Earlier in October, the Parker Wetlands were bulldozed, and a lawsuit was filed against 49 of the land defenders who had peacefully occupied this historic Métis land and ecological zone. The Parker Wetlands are connected to what used to be Rooster Town, a Métis community that was also bulldozed in the ’50s to make way for the construction of Grant Park Shopping Mall.
The wetland was acquired by Gem Equities in 2009 in a controversial land transfer with the City of Winnipeg. But regardless, they did have “rights” to the land, so business is business right?
As this situation unfolded, a deep contradiction in the way settlers relate to the land they live on was exposed. These days, it’s fairly common to hear land acknowledgements at the beginning of public gatherings, which is a great way of calling us to remember a reality that many have tried to brush into the past.
However, at the same time that we’re recognizing the histories of the land we gather on, the land itself is being treated as a commodity, and as something to be bought and sold for profit regardless of the communities who have claim to it.
If land is managed in such a way that a company has legal “rights” to sue the Parker Wetlands land defenders rather than engaging in dialogue with them, then our actual relationship to the land is in direct contradiction with the sentiment expressed by giving land acknowledgments. The offering of land acknowledgements can slide into becoming a convenient way for settlers to feel good about themselves.
Instances of contemporary colonialism like this lawsuit should serve as a wakeup call to settlers to put the sentiments they express when giving these acknowledgements into concrete action.
Being the first generation of my family to grow up on the prairies, it can be easy to not think about the histories of the places I inhabit, to become too caught up in myself to see the roots that exist here. This is something that I and all other settlers need to start becoming more aware of.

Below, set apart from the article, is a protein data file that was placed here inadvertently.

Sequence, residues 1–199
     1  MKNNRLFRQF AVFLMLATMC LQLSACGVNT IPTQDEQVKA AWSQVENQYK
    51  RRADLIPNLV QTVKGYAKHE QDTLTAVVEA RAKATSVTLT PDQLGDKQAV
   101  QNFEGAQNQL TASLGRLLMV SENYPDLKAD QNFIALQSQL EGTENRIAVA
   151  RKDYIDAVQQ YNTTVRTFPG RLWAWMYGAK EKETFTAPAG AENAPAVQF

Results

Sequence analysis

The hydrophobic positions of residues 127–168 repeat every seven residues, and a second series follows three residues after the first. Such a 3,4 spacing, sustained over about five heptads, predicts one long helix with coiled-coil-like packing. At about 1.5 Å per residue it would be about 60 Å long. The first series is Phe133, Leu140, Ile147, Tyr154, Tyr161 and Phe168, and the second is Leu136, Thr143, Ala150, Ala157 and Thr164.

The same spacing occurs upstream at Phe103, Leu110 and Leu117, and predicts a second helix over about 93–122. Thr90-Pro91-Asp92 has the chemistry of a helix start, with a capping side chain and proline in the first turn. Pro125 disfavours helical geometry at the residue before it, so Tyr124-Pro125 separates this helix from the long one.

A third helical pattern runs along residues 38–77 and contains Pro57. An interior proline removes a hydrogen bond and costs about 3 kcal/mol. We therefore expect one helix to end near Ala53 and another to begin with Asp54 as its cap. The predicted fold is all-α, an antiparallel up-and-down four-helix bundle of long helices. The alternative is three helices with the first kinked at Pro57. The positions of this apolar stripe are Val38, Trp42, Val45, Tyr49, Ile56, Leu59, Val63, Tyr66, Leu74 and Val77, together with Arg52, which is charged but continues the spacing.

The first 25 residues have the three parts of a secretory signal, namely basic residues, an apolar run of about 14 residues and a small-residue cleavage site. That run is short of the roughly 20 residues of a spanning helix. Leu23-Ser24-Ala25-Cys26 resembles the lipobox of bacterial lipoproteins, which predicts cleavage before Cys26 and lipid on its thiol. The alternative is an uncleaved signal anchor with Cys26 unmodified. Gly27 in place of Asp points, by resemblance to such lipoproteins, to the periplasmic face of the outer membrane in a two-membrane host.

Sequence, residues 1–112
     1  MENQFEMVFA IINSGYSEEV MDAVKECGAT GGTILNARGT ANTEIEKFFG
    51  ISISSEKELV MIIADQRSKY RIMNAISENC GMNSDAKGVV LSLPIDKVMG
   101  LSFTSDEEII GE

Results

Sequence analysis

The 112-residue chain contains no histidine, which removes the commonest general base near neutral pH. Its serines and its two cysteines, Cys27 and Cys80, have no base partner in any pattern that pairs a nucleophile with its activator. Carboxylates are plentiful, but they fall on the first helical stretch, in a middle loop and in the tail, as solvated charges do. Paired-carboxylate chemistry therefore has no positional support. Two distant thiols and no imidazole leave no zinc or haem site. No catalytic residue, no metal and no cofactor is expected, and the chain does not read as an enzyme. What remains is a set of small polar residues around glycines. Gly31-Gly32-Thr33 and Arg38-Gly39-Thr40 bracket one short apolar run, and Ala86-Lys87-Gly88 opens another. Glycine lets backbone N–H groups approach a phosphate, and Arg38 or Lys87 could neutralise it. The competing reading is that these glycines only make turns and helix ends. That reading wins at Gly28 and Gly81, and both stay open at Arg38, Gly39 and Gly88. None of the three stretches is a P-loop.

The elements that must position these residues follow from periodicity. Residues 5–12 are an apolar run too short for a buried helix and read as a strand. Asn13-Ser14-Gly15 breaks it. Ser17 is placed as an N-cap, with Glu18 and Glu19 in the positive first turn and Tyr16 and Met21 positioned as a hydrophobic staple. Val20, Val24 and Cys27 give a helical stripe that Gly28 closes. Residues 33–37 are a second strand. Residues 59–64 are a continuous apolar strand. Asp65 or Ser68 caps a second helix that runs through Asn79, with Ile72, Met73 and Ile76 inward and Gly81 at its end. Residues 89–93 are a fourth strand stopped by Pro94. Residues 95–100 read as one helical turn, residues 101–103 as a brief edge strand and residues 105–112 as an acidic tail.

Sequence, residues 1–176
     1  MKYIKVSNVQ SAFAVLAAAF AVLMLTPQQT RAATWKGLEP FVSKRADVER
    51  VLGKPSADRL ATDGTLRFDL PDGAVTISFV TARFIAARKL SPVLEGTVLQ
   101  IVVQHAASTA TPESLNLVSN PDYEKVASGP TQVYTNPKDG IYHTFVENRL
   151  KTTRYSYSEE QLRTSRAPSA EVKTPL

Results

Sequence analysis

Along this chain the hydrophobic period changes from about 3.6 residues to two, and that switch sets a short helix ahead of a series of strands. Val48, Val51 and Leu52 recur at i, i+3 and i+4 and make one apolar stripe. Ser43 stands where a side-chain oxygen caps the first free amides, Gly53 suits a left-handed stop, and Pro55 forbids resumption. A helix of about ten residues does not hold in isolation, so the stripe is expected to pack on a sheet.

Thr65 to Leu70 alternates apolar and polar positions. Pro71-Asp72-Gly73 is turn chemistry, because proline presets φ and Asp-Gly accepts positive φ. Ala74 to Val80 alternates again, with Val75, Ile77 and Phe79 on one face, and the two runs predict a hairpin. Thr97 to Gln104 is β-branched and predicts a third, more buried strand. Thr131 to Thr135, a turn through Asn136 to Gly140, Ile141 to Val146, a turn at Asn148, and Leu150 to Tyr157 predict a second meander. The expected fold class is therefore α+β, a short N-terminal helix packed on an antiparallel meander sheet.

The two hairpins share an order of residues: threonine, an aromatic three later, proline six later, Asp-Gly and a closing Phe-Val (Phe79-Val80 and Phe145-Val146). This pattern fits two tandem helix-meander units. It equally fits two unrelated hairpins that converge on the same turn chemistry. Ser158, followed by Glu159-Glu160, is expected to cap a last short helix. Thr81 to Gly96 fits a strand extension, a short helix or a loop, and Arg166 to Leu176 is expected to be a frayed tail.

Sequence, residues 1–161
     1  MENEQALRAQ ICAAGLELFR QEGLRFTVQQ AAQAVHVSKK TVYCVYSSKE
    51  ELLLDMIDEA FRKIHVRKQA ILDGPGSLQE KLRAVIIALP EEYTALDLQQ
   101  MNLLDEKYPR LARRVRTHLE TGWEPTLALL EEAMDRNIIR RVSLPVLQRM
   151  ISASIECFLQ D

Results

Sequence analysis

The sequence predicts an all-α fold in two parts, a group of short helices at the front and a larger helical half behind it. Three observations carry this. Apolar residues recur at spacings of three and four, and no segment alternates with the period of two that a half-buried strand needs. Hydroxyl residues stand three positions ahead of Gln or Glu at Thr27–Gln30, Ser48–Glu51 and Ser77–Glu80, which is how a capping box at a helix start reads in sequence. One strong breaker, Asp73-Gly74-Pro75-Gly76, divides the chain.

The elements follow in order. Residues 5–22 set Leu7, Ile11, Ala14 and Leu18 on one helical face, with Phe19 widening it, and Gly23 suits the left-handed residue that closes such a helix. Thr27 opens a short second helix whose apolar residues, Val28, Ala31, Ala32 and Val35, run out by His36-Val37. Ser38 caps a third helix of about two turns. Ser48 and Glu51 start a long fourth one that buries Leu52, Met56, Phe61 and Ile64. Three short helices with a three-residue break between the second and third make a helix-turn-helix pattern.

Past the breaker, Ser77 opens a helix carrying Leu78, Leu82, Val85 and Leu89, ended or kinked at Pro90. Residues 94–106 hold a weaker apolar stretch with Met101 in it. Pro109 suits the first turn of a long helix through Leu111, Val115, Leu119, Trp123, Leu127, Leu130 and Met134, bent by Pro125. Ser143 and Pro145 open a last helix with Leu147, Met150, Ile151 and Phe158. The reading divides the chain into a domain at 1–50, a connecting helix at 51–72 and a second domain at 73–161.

If the living history of a place is not valued, then it can become easy to objectify it. If land is only valued for its prospect of profits, then how can settlers ever claim to be in good relations with Indigenous people? Is this too radical an approach? Or are these the questions settlers need to start asking themselves if they want to be honest in calling this shared space their home?
For a country with a painful history of colonization like Canada, the idea of who has “rights” to the land is a whole lot more philosophically complicated than many profit-centred developers would like to believe. There needs to be a much larger conversation about how settlers interact with land and this conversation needs to prioritize listening to communities who have never been given rights, or who have had them taken away.
It sets a concerning precedent that 49 land defenders can be sued for objecting to the bulldozing of historic Métis land, when the Métis people have struggled to access land they were promised for almost a century and a half. The land defenders are currently fundraising on GoFundMe to raise money for their legal costs.
When land acknowledgements are given, perhaps settlers should start connecting the treaties and promises that were broken in the past to the treatment of land in the present.
Jase Falk is a genderqueer student, artist and ex-Mennonite from Winnipeg.